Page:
Graphics chip maker Nvidia Corp. countered rival ATI Technology Inc.’s product announcements today with its own introductions at this week’s Game Developers Conference (GDC). Nvidia rolled out the GeForce FX 5800 and GeForce FX 5200, two new additions to its GeForce FX product line.
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Nvidia said the goal of the new chips is to provide what it calls “cinematic computing” to desktop computers. “Cinematic computing” is a catchphrase bandied about by graphics chip makers to describe the real-time display of movie-quality 3D graphics like those seen in computer-animated films like Shrek and Toy Story.
The new offerings round out mainstream and budget-priced solutions for the GeForce FX line, which has been plagued by production delays since its introduction in November 2002. The GeForce FX 5800 is the first graphics processor in Nvidia’s arsenal to be developed around a 0.13 micron and copper fabrication process.
The GeForce FX 5600 is positioned as a new mainstream computer graphics chip — a product to balance performance with price value, without detracting from the flagship product, the GeForce FX 5800. The 5600 chip sports “the full GeForce FX feature set,” according to Nvidia, including Intellisample 2.0 — Nvidia’s name for its real time anti-aliasing technology, which smooths graphics in motion for a more realistic appearance.
Nvidia compares the 5600 to its GeForce4 Ti 4600 — the midrange version of the same chip generation currently offered by Apple as an option in the Power Mac G4. Nvidia reports that the GeForce FX 5600 outpaces the GeForce4 Ti 4600 by about 30 percent, while costing half as much.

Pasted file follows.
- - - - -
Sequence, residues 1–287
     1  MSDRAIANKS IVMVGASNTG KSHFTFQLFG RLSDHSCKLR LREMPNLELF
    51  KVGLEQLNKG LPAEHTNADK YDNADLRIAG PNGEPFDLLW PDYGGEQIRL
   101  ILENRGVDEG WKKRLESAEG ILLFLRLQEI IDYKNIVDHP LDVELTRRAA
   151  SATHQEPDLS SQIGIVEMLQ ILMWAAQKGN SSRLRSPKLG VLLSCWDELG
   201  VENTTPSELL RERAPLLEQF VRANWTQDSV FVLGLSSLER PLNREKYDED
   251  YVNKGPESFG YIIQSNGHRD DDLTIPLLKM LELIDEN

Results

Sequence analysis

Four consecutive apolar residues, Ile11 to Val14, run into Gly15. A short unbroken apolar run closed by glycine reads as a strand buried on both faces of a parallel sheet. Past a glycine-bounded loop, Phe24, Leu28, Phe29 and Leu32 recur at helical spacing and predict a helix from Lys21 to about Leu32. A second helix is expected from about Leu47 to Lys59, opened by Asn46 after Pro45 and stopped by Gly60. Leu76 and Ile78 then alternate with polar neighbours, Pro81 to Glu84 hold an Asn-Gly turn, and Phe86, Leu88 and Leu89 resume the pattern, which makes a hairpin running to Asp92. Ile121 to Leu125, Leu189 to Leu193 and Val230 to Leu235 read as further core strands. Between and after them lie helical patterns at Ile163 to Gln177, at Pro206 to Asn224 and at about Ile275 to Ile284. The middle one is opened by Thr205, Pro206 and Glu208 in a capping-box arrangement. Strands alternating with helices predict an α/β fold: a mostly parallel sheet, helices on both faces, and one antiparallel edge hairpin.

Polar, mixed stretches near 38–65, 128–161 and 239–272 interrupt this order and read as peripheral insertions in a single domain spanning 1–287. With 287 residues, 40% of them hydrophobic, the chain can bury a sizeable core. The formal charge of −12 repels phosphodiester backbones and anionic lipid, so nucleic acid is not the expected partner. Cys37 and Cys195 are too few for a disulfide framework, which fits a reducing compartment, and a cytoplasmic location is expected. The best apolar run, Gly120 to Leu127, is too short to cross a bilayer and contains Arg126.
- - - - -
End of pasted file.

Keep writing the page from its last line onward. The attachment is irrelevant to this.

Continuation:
The GeForce FX 5200 is a new graphics chip aimed the value market. The product provides some of the same features and functionality as its higher-performance and higher-priced cousins, including the CineFX engine — a vertex and pixel shading technology — as well as 128-bit color and optimizations and support for DirectX 9.0, Microsoft’s latest generation of 3D rendering technology. DirectX is seen by many as a competitor to OpenGL, the cross-platform graphics standard promoted by Apple. The 5200 will start at prices as low as $79, according to Nvidia president and CEO Jen-Hsun Huang.
Nvidia anticipates releasing the new GeForce FX products beginning in April 2003. Unlike ATI, Nvidia does not manufacture retail cards under its own brand name, so it’s unlikely that any of these chips will be available for the Macintosh unless Apple incorporates them into its own product designs.
Apple has closely partnered with Nvidia for graphics subsystems Apple uses in the eMac, iMac, and PowerBook G4 lines, however, and offers some Nvidia-based cards as standard issue or as options in its Power Mac G4 as well. What’s more, Nvidia’s unified architecture makes it possible for these graphics processors to work in the Macintosh just as its predecessors have. So it’s entirely feasible for future Mac models to make use of some of this technology.
GDC 2003 takes place in the San Jose Convention Center in San Jose, Calif. through March 8.